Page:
Back to School Health Issues

WebMD Live Events Transcript

Immunizations, chronic health conditions, medicines at school -- whatever the issue, if it concerns your child's health and school, we have someone you for you to talk to. In-house pediatrician Steven Parker, MD, joined us for a Q and A session on Aug. 5, 2004.

The opinions expressed herein are the guests' alone and have not been reviewed by a WebMD physician. If you have questions about your health, you should consult your personal physician. This event is meant for informational purposes only.

MODERATOR:
Welcome back to WebMD Live, Dr. Parker. When people think back to school health issues, they think about being up to date on immunizations. Has most of the controversy about vaccines been put to rest, or are some parents still holding out?

PARKER:
The answer to your question is both. I believe the question of whether vaccinations are associated with the development of autism has been put to rest. There are now many studies showing that, for example, the MMR vaccine is not related to the development of autism. Additionally, the concerns of the older vaccines that contained a mercury compound have also been shown to be unrelated to autism. One proof of this is that since vaccines no longer have thimerosal, there has been no drop in the frequency of the diagnosis of autism.

In a wonderful survey of scientists, when asked what the greatest inventions of the 20th century were, immunizations for children are always among the top two or three. They have saved millions of children's lives. I remain concerned that despite the clear benefits of vaccinations for children and the rare or unproved significant side effects that may accompany them, some parents still choose not to immunize their children. Huge mistake, in my book! Make sure your children receive all of the immunizations. The odds are much, much greater that it will do good than cause any long-term harm.

MEMBER QUESTION:
My friend's daughter will be 3 in December. I have a feeling that she has autism. She constantly rocks herself. She plays by herself when she does play. She seems to have the intelligence of my son who will be 2 in October. Someone else has told my friend they believe her daughter might have autism, and she was offended. How can I tell her she may need to get her checked? I don't want to say she has it, but she just does not act like a normal toddler to me.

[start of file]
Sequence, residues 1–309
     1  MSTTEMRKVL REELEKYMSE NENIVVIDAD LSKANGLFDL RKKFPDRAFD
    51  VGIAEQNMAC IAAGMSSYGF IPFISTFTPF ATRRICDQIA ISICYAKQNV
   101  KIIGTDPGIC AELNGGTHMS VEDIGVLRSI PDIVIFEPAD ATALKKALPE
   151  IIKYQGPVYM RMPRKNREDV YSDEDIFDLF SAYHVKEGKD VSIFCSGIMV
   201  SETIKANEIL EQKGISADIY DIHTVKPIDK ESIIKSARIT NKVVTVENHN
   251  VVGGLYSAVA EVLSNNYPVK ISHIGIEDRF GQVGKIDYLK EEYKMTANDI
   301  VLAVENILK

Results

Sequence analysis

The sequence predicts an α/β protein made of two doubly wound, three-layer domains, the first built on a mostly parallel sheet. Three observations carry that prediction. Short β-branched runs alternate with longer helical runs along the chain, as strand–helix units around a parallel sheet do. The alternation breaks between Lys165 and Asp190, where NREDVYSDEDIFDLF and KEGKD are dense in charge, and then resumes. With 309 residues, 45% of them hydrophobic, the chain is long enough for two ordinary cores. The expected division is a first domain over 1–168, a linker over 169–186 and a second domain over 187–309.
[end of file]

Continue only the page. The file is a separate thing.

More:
PARKER:
This is a very delicate and not uncommon issue: What to do if you believe someone's child might have a significant problem and the parents are not open to your ideas? I think you're right in explaining to them why the concerns that you've laid out in your message, but also to say that you don't know if the child might have a problem. I would ask them their thoughts. Do you think your child is behind in his or her language? Do you wonder if the way she plays is different than other 3-year-olds?

If the parents deny any of the behaviors that you see, you are unlikely to get anywhere with them. However, if they do agree that the child is showing some of these behaviors, then I think the next step is simply to suggest they bring their child to her pediatrician to look into this further. You may not even want to use the word "autism" as the fear their child might have it could be generating the denial.

The bottom line: They are her parents and they're going to have to make the decision themselves. You certainly can't force them, but in a supportive and gentle way, see if you can help them to examine this potential area more clearly. From what you've written, I do believe this child should have an assessment to try to figure out what, if anything, might be going on. This is important because for most potential challenges, the earlier an intervention is started, the better the long-term outcome.

Good luck. Let me know how things go on my WebMD message board.

"I believe the question of whether vaccinations are associated with the development of autism has been put to rest."

MEMBER QUESTION:
Hello, I have a 10-year-old daughter who is extremely obese. She has just been diagnosed with high blood sugars and will see a dietician. She also is scheduled to have her tonsils out in four weeks. They want to keep her overnight because of weight. Is it safe to put her under anesthesia or should I wait six months till she loses weight on her new diet plan?

PARKER:
I think the answer to your question, in part, must be decided by why the tonsils are being taken out. If the reason is obstructive sleep apnea I don't think I would wait because of the potential consequences of that disorder. If the tonsils are being taken out for recurrent strep throat, then there is less urgency in my book. It is true that obesity can make anesthesia and surgical procedures a little more difficult; however, I suspect she will do fine, whether or not the procedure is done now or if you choose to wait. This is a long-term and chronic problem and it's not clear where she will even be in six months and if her risk will be lessened.

I'm glad you're looking for interventions and ways to help your child with this difficult and increasingly important and frequent problem in children. Good luck. Let me know how it goes on my WebMD message board.


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